Around the year 957, the market was moved from the island to inside the city. With its location still near the harbor, Haymarket was an ideal place for trade. Craftsmen and merchants took advantage of the prime location. Nearly a kilometer in length—or approximately two-thirds of a mile—Cologne’s Haymarket is larger than most might assume, but it wasn’t large enough. It seems the 10th and 11th centuries were a time of rapid growth and at least three other markets emerged by the end of the 12th.

By the 13th century, Cologne’s population and commercial trade rivaled cities like Paris and London. On top of its forty-thousand residents and the daily influx of market-goers, pilgrims came from all over Europe to see the city’s many churches and relics. Perhaps most famous is The Shrine of the Three Kings located in the city’s cathedral.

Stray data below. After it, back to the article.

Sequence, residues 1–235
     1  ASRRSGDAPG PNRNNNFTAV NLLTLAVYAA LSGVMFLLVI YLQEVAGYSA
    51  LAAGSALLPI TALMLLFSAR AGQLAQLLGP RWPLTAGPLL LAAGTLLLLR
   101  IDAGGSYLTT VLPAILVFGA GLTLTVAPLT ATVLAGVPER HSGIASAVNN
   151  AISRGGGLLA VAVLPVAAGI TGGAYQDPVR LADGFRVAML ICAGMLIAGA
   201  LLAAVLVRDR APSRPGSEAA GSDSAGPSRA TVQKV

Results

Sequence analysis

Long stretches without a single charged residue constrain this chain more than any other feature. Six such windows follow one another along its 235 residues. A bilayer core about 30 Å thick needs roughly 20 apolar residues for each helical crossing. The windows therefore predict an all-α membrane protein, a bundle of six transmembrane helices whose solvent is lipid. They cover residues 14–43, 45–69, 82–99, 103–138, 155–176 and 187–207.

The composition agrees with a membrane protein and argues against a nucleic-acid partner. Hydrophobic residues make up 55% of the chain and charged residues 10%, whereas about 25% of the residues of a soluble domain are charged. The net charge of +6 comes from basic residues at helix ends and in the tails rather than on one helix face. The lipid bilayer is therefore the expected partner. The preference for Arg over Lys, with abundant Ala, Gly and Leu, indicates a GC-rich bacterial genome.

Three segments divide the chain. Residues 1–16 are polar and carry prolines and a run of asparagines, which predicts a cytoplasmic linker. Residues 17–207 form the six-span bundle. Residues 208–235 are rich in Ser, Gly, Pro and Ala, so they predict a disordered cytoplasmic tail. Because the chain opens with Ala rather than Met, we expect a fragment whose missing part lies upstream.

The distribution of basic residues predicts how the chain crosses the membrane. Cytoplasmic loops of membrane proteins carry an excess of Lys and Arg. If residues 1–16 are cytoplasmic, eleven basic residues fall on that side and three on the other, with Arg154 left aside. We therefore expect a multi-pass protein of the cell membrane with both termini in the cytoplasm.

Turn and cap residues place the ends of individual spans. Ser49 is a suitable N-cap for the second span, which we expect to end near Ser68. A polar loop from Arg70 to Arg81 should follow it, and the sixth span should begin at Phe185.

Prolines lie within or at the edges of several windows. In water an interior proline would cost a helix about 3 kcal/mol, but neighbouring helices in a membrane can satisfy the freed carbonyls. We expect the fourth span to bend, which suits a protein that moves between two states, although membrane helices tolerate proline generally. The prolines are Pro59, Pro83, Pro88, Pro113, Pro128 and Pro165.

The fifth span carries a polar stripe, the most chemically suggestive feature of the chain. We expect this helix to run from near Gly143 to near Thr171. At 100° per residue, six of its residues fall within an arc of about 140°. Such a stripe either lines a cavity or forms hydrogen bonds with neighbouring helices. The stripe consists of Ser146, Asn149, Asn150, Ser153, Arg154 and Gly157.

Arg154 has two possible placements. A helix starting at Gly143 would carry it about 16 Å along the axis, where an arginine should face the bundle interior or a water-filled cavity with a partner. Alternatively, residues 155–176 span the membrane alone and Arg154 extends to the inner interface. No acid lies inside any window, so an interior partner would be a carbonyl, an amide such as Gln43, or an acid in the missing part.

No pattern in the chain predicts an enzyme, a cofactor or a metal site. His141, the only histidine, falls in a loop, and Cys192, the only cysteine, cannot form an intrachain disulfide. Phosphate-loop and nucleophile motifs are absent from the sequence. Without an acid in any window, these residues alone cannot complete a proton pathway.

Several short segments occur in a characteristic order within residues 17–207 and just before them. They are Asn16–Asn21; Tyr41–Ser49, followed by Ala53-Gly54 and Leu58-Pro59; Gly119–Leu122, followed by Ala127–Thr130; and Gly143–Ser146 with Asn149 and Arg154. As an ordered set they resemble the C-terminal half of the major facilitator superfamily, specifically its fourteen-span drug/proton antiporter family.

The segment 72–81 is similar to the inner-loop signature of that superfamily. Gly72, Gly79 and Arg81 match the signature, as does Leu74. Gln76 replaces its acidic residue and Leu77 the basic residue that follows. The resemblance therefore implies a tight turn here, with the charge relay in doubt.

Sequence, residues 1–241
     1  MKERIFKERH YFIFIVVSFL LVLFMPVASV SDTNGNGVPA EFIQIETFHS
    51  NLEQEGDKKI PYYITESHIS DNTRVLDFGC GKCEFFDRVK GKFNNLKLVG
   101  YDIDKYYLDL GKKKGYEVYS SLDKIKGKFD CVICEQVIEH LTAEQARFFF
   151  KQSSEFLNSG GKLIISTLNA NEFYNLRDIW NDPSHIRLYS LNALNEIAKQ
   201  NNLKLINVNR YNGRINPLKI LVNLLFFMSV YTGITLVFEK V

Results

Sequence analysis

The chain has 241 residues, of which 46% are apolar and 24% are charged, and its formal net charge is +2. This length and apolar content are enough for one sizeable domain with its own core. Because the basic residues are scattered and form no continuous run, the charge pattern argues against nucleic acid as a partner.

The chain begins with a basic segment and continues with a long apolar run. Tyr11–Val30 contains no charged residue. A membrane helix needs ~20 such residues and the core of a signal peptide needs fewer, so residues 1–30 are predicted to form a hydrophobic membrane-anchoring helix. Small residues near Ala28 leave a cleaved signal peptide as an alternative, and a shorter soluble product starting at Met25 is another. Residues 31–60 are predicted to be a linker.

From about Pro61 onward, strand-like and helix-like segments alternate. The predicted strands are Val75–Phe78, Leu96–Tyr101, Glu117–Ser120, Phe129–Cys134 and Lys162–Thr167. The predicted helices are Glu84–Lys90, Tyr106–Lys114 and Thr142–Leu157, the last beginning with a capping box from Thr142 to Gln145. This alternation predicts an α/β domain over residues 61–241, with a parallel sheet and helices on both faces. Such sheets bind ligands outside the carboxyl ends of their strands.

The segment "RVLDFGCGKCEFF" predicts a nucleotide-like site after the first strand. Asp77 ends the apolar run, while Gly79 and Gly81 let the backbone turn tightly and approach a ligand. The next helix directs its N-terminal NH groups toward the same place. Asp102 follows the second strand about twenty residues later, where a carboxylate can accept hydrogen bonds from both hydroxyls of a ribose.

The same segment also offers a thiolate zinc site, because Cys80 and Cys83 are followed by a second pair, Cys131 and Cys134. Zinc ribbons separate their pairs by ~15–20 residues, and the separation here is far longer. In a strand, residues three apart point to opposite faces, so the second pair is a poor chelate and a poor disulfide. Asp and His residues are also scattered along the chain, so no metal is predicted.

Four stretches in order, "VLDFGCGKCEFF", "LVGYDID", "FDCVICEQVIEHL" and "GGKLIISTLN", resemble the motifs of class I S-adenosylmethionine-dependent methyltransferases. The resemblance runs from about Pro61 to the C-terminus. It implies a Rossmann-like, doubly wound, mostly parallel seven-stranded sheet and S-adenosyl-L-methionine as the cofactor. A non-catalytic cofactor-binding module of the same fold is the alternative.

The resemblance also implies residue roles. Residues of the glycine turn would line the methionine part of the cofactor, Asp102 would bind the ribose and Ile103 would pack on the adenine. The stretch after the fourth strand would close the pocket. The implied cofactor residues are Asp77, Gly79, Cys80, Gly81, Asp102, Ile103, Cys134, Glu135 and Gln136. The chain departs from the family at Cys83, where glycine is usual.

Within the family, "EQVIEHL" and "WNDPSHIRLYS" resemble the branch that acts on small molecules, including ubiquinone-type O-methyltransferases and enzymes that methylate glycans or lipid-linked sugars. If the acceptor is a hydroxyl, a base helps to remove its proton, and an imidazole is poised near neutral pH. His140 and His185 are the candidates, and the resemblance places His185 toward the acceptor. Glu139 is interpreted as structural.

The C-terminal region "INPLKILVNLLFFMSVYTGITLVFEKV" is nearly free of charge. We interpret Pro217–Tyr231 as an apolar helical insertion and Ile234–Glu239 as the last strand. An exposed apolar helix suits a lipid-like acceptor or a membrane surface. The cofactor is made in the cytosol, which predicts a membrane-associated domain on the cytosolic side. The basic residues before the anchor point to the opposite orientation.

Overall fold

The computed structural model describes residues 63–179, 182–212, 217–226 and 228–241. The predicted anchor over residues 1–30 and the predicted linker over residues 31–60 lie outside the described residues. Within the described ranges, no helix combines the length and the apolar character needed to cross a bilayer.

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This close-up  comes from a map published by Arnold Merkator during the late 16th century. It’s been suggested that the gallows and pillories are pictured sitting in the middle.

During the 1200s, the city council had gallows built in Haymarket where the medieval market-goer might witness the flogging of a fraudulent merchant or the beheading of an aristocratic criminal. In the 14th century, the city’s former mayor, Heinrich von Stave, was found guilty of treason and beheaded on that very spot. Afterward, his remains were quartered and sent to different sections of the city for display.

Dupuis, Charles (1752), Heumarkt mit Börse, Kupferstich, um 1790 (Köln, Kölnisches Stadtmuseum.  (Foto: © Rheinisches Bildarchiv Köln, rba_mf166753)